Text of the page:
Two months later I was back at Shifa, this time with the sounds of Israeli drones and Hamas rocket fire nearby. We reporters seemed to end up at the hospital nearly every afternoon during the eight-day war that Israel dubbed Operation Pillar of Defense. To follow the victims of a particular airstrike. To talk to those taking refuge on the grounds because their neighborhoods were bombed out. To attend news conferences by the Hamas leaders who run Gaza.

Yes, the rumors of Hamas storing weapons and operating command centers underneath the sprawling hospital complex were rampant back then, too, though Israeli soldiers were not on the ground in Gaza during the 2012 war to try to prove it.

Yes, we saw Hamas militants with their trademark green scarves and headbands and even some commanders hovering in the hospital, lending credence to Israel’s accusation that the group exploited its patients and employees as human shields, a war crime.

And yes, the doctors and nurses I met at Shifa were dedicated public servants heroically trying to do their jobs in dire circumstances.

Did they resent or even despise Israel, for its relentless attacks and ongoing restrictions on travel and trade into Gaza? Yes. Did they want to wipe it off the map? Perhaps. Did they yearn to murder Jews like me? No.

Nor did they, or their patients, revere Hamas.

“We are not Hamas, and we are not with the others,” said a 34-year-old woman camped on Shifa’s lawn with her 6-month-old in a car seat. “We just want to live in our homes.”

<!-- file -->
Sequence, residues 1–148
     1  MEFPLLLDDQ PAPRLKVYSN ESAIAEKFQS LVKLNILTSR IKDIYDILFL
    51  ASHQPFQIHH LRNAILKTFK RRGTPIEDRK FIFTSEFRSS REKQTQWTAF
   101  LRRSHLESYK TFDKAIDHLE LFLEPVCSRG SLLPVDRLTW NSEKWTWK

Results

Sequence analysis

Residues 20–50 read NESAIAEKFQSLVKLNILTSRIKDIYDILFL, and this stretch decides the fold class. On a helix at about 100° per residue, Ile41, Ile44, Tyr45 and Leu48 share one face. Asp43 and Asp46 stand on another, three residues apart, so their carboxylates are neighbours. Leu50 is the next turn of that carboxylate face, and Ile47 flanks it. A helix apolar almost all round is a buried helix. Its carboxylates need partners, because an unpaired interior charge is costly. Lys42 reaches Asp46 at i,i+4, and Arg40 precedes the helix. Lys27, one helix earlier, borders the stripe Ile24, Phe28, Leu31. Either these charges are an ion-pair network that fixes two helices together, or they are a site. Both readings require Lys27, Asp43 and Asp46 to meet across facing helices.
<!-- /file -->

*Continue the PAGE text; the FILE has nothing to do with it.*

One day we toured Shifa’s wards with Ismail Haniyeh, the Hamas prime minister, and his Egyptian counterpart, Hesham Qandil. Haniyeh held the body of a baby slain in the war, and talked to the father of a 2-year-old whose skull had been fractured by debris from shelling near the border. “What was his fault? What was his guilt?” the man cried.

Another afternoon at the hospital, a large screen flashed images of the wounded as a boy hawked coffee and tea from a kettle and thermos, a shekel a cup, to the crowd awaiting a delegation of Arab foreign ministers. As I took notes on the surreal scene, a makeshift market outside an overcrowded hospital during a war, the fleeting calm was shattered, first by the sound of militants nearby firing a rocket toward Jerusalem, and then by a series of explosions in the distance — Israel’s telltale response

Next: Sirens. Six ambulances streamed into Shifa’s circular driveway, unloading the bodies of men the Hamas officials on hand identified as fighters, at least two of them without heads. Then three more, carrying dead and wounded kids.

“There’s a real massacre now,” said the Hamas spokesman who had been awaiting the diplomats. The Gaza health ministry, run by Hamas, at that point put the Palestinian death toll at 130. It would be more than 10 times that by the war’s end, according to after-action reports by independent human rights groups and the U.N. That seemed staggering at the time, and now feels like something of a skirmish.